I was recently one of the organisers for Developer Day Scotland (aka DDD Scotland) in Glasgow. It was on on the 10th of May and was the first of its kind in Scotland. I’ve also just finished putting together the event feedback for the various speakers and for the event itself. It is always interesting as a speaker when you receive your own feedback, and for me it has been interesting putting together the feedback for all the speakers to see what people liked and didn’t like.
If you weren’t at Developer Day Scotland and don’t know what it is I’ll explain it briefly. We had a conference in the centre of Glasgow based on the DDD events that are normally held at the Microsoft Campus at TVP in Reading. It was aimed at Developers mainly, but we also had a SQL track for DBAs. In total we had 132 delegates arrive on the day.
On the whole the comments were very positive. There is some room for improvement and we will be looking to improve in certain areas for next year. But there were some disappointing comments that suggested people either didn’t quite know what the event was actually trying to achieve or completely had the wrong end of the stick.
First, just to blow our own trumpet, some of the positive comments:
- Good selection of sessions
- Lot’s of T-shirts
- It was free
- It was on a Saturday (no time off work)
- Well organised
- Based in Glasgow
A small number of people commented on the location. Most comments were extremely positive because there have been very few (if any) events like this in Scotland, however, a couple were disappointed because it was so far from London. I have to say that from the point of view of people in Scotland the fact that the vast majority of conferences we see are located in the south east of England (in or within about an hour-ish of London) was actually one of the main drivers to bring the DDD format to Scotland. We had seen an increasing number of Scots make the trek south for each DDD and their only real complaint with it was the distance they had to travel. The DDD events will continue to be held in Reading for the foreseeable future and indeed DDD7 is going to be on November 22nd, but there are now regional DDD events (such as DDD Ireland and Developer Day Scotland) that will take place from time-to-time.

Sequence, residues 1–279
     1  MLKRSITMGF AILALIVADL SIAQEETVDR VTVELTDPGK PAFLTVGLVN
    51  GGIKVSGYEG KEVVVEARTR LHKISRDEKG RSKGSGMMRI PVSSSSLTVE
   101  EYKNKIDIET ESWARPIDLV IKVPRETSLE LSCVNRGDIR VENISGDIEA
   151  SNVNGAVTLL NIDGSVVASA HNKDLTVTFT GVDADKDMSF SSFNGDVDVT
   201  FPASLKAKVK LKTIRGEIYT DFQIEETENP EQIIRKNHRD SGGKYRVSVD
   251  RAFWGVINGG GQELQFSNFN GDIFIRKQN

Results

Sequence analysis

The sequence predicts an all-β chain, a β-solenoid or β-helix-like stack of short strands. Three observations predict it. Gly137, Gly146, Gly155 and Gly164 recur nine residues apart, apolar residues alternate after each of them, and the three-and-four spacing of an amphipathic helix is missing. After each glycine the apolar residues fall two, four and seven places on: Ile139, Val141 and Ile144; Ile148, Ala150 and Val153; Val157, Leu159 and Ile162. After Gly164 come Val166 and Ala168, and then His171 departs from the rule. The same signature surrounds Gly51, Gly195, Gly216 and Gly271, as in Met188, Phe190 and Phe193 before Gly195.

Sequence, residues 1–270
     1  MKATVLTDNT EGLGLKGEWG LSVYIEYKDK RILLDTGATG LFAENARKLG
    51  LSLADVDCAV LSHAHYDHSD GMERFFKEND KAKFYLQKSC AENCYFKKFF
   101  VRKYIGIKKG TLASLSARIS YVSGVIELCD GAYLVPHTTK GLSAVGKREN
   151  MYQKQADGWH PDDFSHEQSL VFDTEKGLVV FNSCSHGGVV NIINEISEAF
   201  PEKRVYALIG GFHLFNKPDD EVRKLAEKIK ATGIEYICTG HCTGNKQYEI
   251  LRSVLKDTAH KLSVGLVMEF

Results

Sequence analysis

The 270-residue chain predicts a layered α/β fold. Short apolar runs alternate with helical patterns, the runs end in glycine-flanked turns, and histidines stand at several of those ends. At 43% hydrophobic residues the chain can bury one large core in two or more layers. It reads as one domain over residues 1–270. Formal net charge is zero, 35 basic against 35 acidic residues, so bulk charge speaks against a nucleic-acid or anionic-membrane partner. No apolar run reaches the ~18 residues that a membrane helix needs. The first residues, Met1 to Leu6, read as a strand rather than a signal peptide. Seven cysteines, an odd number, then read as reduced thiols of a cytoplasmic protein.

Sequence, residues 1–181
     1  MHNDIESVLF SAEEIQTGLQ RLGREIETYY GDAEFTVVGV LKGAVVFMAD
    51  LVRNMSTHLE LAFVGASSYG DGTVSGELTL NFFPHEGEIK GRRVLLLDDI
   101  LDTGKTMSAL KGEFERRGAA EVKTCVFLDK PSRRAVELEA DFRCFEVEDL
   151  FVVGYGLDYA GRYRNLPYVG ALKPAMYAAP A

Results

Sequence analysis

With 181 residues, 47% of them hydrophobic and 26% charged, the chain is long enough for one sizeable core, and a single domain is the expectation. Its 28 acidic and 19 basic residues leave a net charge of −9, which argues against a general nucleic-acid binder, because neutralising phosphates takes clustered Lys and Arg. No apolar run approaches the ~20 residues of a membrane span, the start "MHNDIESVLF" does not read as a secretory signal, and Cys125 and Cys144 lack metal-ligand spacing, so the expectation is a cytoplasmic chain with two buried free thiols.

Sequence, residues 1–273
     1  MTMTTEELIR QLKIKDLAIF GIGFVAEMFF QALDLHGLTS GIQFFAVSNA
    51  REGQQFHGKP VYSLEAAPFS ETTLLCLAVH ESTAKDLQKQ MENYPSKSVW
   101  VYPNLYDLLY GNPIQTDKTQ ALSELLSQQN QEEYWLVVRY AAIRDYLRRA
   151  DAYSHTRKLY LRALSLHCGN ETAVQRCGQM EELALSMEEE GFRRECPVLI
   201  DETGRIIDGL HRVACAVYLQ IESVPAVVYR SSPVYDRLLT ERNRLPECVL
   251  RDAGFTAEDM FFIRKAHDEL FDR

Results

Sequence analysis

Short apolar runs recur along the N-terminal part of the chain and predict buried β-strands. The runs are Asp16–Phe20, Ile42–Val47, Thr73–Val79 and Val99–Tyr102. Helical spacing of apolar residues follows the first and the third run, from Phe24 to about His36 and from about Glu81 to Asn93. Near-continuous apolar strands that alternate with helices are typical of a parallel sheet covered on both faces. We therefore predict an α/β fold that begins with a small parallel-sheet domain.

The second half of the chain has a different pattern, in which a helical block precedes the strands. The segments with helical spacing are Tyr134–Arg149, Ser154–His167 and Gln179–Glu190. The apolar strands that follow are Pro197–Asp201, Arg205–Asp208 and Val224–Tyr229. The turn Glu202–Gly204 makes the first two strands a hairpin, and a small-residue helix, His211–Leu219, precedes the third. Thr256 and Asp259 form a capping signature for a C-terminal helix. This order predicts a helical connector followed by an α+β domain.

Some people were disappointed by the length of the sessions. They thought more time was needed as some speakers seemed to be compressing too much information into too short at time. I have to agree that in many cases the talk did need more time. There are a number of possible solutions to this. Speakers could indicate a length of time for their topic and we have variable length sessions. Obviously the logistics in this is more complicated, but it is doable. Another possible solution is to request all speakers prepare a longer talk. For some this will be good as their talk was a compressed version of a longer talk, but for others this may leave them with a large period of time at the end with nothing to do. We will work on this problem and try to produce something that allow speakers to run for the time they need to discuss their topic.
Another common bit of feedback was that it wasn’t so easy to tell what level each of the talks were at. Next year we will introduce a system where it will be easy to see what the prerequisites for a talk are.
One person wrote simply “not enough user interactions”. I’m not entirely sure what they mean by that, however, the experimental open spaces session we did at lunch time was very successful and we packed the room out, so we will aim to do more of these next year. Perhaps that will solve that particular problem as they tend to allow a lot of interaction between all the participants.
We had some comments about the fact that “all the sessions were based on Microsoft technology”. We did have some non-Microsoft based talks submitted, however the talks that appear on the day are voted in by the community. However, two of the talks we had on the day were in fact technology independent. We try and keep the process as democratic as possible. Hopefully next year we will get more non-MS topics submitted and more non-MS delegates voting on these sessions so we can have a more diverse programme of sessions available on the day.
We did receive some excellent feedback, but there is always room for improvement and I hope next year’s event will be even better. In the mean time, Scottish Developers will still be running events in the evenings.
Finally, I really must thank all those that helped out in the preparation and on the day. We had 15 excellent speakers without whom we would not have had an event at all. We had a number of people that helped put the day together including John Thomson, Martin Bell, Frank Kerrigan, Craig Murphy and Brian Hainey. And a number of people who helped out on the day including Duncan Lundie, Ged Mead, Beverley Hatchard and Catriona Mackay. Hopefully I’ve not missed anyone out.